China Jianyin Investment Ltd.(JIC), a state-owned Chinese investment company, recently acquired SGD Pharma, a world leading pharmaceutical glass bottle manufacturer. JIC expressed that it will open up a potential market in Asia for SGD Pharma and not give up SGD Pharma's factories in Europe.
As the acquiring party of SGD Pharma, China Jianyin Investment Ltd. is striving to take on a completely new look in the background of the West's concern about China's M&A boom.
“Our principle is to honor our promise in the investment term. We are not simply financial investment, we've taken on a long-term strategy,” emphasized Gu Jianguo, president of JIC, a state-owned Chinese investment company, with industrial manufacturing as one of its key investment fields. Its subsidiary JIC Investment managed assets with a value of about 13 billion yuan by the end of 2014.
JIC completed the acquisition of SGD Pharma in early October 2016, with an undisclosed transaction amount. SGD Pharma, one of the world's leading pharmaceutical glass container manufacturers, was under Saint-Gobain Group, France for a long time and achieved an output of 2 billion pharmaceutical bottles and a turnover up to 290 million Euro in 2015.
American Oaktree acquired SGD in 2010 and separated its cosmetic bottle business from its pharmaceutical bottle business. China Jianyin Investment Ltd. only acquired the pharmaceutical bottle business.
“We've never planned to move SGD factories in France to China. Some of the factories have existed for more than 100 years, and they are valuable bases to train employees at.” Answering the interview questions by AFP, Mr. Gu repeatedly emphasized this view and expressed that China Jianyin Investment Ltd. will ensure “consolidation of the production capacity in Europe.”
The change of equity “will not influence employment or the business mode”, which had been confirmed by the French management of SGD to the interview by AFP in spring.
SGD Pharma boasts about 2,750 employees around the world, of which 30% are in France, as two of its factories are in France (one in Sucy En Brie and one in St. Quentin, both near Paris). In addition, it also has three other factories in Germany, India, and southern China.
China Jianyin Investment Ltd. has never invested in the pharmaceutical industry, but does not conceal its ambition to tap into the deficiency in the Asian market by using the SGD factory in China as a pivot point.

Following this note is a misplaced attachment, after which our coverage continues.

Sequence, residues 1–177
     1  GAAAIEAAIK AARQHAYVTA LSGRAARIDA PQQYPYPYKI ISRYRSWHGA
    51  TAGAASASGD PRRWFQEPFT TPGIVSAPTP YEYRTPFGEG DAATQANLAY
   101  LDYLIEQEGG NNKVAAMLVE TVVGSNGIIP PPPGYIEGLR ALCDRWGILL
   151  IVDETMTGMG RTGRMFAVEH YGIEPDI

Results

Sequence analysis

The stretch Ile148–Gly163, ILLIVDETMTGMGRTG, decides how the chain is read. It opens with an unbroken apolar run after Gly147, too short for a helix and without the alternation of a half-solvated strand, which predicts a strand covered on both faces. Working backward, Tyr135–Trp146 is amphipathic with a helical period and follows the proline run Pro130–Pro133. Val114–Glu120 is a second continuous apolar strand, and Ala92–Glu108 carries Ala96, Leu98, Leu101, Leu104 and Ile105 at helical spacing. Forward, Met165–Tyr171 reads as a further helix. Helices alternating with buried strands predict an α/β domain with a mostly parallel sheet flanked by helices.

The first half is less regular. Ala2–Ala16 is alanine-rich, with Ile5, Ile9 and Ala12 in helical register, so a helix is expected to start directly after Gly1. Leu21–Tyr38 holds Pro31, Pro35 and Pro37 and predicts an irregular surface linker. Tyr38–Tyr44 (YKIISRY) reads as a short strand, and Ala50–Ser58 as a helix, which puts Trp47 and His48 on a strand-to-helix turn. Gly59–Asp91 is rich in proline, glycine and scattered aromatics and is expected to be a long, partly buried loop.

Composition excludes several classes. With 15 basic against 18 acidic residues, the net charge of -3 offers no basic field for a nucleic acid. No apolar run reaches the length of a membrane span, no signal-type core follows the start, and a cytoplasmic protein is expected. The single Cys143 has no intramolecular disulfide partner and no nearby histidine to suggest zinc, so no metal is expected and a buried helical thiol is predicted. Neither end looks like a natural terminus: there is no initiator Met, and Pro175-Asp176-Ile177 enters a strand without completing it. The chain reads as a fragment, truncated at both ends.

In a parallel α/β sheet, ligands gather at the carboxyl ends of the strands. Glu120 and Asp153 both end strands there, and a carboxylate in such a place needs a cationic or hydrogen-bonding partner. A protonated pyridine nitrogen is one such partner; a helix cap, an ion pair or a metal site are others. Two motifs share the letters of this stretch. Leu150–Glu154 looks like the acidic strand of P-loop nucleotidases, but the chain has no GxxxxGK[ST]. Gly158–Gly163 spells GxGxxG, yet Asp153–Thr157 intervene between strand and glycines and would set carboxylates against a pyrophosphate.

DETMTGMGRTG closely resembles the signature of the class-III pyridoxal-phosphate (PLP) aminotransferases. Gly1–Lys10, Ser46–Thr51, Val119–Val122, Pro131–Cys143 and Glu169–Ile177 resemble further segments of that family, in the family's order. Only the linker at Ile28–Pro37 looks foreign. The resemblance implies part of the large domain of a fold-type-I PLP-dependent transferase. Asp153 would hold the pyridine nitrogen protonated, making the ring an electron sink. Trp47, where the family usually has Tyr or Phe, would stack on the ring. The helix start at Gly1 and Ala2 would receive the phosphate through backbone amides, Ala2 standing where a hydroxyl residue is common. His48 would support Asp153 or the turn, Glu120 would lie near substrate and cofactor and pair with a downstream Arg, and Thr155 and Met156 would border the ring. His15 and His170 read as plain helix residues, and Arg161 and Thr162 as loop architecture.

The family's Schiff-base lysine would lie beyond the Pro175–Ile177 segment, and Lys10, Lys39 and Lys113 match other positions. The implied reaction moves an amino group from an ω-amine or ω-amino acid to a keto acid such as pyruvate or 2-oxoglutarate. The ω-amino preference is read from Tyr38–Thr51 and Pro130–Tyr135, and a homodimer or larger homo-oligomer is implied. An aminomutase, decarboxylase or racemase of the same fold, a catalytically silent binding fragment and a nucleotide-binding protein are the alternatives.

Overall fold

A Deposit Full of Patents
SGD enjoys 30% of the global market share but a normal market share in Asia of its so-called “Class I bottles” (made of the glass with high chemical stability and high heat resistance).
“However, if we look at the market in China or India, it can be found that the potential is great. For this kind of glass medicine container, China basically depends on imports. In addition, Class I bottle account for only 8% of pharmaceutical glass packages in China, but for 18% and 27% in Europe and the US respectively,” Gu Jianguo mentioned.
He believes that medical consumption will continue increasing with the rise of the middle class and aging of the population, as well as gradual establishment of a more effective medical system and increasing attention to the health of Chinese nationals.
According to a forecast by relevant institutions under the United States Department of Commerce, China's medical market share will expand to USD 167 billion by 2020, compared with USD 108 billion in 2015.
But the figure is far lower than the forecast a few years ago, as stricter national regulation and control of medicine price curbed the amount of sales in the sector.
“We're looking forward to the takeoff of the glass bottle industry,” Mr. Gu emphasized. Why was JIC attracted by SGD? It's because of the stable return of the medical packaging industry, “strong resistance to economic cycles,” and various patents owned by the Group.
SGD Pharma recently assisted in the design of new-type protective coating suitable for liquid medicine, which will be favorable for the commercial promotion of new preparations.
JIC will not sell these patents or allow them to be copied. “We want to hold onto core competitiveness. As the controlling shareholder, we will strictly protect the patents”, Mr. Gu said. “Otherwise it would be like stepping on our own foot.”